Home » Samsung T7 Shield Review In 2022 | Techlion

Samsung T7 Shield Review In 2022 | Techlion

by Julia
Samsung T7 Shield

Samsung T7 released the T7 Touch, a biometrically secure external SSD, in 2020, and a cheaper no-frills T7 variant a few months later, which proved to be a popular choice. The Samsung T7 shield Touch had a 10Gbit USB connection and could read and write data at speeds of around 1,000 MB/s, making it perfect for people who needed to take a plane, train, or boat with important business files on the drive.

Samsung has redesigned the T7 to create the Samsung T7 Shield. What makes the Shield the T7 that potential buyers could desire, given that the original T7 is still selling?

Is the Samsung T7 Shield worth it?


  • resistance to dust, rain, and drops
  • Hardware cryptography
  • Both USB cables are provided.


  • No improvement in performance.
  • Only one or two terabytes.


  • From $134.99

Design and construction

Samsung offers three colours for the new Samsung T7 Shield, and they sent me the one with the least appealing colour for evaluation. The black and blue aren’t very fascinating colours, but the beige one harkens back to a time when all computers were brown in colour.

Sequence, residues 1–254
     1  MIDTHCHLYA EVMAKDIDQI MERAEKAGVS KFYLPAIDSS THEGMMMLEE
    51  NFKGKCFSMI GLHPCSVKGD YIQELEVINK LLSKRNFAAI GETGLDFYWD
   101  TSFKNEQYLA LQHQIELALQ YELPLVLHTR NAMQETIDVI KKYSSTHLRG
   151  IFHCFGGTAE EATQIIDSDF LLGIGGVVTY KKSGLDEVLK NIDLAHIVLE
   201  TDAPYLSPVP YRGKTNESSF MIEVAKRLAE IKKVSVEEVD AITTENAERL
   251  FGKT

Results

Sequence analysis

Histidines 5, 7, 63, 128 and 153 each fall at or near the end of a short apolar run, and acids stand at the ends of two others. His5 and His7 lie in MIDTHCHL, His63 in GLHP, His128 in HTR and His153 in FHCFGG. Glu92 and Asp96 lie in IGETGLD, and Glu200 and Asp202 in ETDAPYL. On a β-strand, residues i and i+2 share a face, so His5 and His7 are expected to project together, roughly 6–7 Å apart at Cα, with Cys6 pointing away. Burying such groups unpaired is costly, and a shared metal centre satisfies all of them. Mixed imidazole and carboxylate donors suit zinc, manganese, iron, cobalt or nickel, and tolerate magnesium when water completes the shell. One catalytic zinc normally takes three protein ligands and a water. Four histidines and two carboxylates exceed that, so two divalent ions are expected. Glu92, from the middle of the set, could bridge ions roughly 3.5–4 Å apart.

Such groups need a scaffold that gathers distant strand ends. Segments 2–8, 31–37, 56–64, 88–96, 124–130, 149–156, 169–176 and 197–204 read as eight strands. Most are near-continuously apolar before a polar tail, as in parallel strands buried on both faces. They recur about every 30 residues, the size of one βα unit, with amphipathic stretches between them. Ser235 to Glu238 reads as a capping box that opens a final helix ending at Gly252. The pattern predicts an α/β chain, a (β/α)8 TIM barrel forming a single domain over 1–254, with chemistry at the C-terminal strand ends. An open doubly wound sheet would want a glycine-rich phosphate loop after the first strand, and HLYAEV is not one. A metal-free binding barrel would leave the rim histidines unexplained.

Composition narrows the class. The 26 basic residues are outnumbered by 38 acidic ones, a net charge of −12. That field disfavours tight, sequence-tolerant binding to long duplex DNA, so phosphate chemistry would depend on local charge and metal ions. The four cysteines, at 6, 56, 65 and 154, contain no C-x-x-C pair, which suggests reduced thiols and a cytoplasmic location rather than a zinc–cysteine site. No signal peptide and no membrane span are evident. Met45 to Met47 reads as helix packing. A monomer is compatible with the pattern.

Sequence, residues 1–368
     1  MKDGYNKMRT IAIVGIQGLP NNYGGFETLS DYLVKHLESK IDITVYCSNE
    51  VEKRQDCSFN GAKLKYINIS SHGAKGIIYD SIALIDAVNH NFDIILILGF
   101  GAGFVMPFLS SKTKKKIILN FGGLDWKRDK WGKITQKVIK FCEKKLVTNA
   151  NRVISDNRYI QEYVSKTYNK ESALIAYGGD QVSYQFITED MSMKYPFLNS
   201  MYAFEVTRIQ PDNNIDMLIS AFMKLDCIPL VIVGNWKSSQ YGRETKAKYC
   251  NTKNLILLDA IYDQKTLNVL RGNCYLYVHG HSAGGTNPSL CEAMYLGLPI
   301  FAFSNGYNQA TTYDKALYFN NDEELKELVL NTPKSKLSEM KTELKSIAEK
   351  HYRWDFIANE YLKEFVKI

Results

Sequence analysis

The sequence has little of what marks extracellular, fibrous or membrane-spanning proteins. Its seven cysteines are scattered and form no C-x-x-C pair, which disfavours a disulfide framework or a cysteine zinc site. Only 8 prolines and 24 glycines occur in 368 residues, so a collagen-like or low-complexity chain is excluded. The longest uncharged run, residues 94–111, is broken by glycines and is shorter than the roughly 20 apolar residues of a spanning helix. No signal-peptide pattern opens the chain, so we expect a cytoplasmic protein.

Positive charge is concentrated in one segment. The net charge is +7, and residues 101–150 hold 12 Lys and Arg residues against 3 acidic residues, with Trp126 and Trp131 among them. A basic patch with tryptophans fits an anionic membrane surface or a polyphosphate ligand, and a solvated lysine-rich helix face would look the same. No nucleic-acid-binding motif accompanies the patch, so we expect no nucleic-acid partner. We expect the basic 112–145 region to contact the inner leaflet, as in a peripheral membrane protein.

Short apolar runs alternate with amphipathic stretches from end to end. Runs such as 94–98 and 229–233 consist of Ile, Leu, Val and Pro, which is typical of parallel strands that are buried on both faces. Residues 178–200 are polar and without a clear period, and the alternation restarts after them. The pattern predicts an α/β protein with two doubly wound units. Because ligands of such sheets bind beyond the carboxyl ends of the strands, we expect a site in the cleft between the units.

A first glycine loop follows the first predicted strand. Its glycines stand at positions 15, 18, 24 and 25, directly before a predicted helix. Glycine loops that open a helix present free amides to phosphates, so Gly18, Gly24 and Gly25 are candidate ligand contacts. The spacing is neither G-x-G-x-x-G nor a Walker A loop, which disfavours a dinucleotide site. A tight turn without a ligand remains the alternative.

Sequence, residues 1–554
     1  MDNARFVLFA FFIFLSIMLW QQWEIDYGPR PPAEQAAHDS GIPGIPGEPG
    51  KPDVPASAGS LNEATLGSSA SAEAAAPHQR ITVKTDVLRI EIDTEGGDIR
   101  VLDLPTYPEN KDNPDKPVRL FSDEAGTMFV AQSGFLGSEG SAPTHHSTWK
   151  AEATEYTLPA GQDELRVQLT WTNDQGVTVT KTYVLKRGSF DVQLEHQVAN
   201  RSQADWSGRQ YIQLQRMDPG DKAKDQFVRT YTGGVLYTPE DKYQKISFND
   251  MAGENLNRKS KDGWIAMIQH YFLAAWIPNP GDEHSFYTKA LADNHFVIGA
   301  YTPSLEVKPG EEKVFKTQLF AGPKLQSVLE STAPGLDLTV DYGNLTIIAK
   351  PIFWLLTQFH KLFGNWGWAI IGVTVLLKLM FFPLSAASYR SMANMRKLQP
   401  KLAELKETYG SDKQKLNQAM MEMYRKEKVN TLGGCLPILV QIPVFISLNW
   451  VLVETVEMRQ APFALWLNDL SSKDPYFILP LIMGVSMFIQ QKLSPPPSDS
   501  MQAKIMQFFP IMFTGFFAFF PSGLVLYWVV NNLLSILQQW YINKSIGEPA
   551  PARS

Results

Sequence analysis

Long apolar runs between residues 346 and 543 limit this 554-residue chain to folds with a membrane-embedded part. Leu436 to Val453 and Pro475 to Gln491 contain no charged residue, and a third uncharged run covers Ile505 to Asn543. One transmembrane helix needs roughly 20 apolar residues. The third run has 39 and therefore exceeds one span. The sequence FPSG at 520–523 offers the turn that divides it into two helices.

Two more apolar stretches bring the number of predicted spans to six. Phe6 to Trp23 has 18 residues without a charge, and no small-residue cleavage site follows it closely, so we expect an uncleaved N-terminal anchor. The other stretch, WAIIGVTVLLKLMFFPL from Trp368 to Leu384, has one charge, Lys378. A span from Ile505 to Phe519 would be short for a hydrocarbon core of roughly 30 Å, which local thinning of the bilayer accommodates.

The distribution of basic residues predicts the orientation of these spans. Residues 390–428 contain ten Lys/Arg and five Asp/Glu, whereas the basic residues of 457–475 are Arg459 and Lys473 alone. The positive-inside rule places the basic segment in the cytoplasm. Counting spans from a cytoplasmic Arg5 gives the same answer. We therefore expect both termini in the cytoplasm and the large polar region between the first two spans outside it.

It also has a strange rubberized surface feel with house-siding-like contoured edges rather than the harsh metallic sharp edges of its predecessor.

The Samsung emblem is stencilled on one side, while the ‘Samsung T7 Shield’ branding is written in a minuscule type on the other. A small elliptical endplate displays the drive’s capacity and all other standard brandings.

A USB-C connector and a little LED on the other end indicate power and activity.

Samsung T7 Shield

Samsung supplies two USB cables in the box, one for USB-C and the other for Type-A connections. They don’t include a fabric pouch for the drive or the cords, but you probably won’t need one anyhow.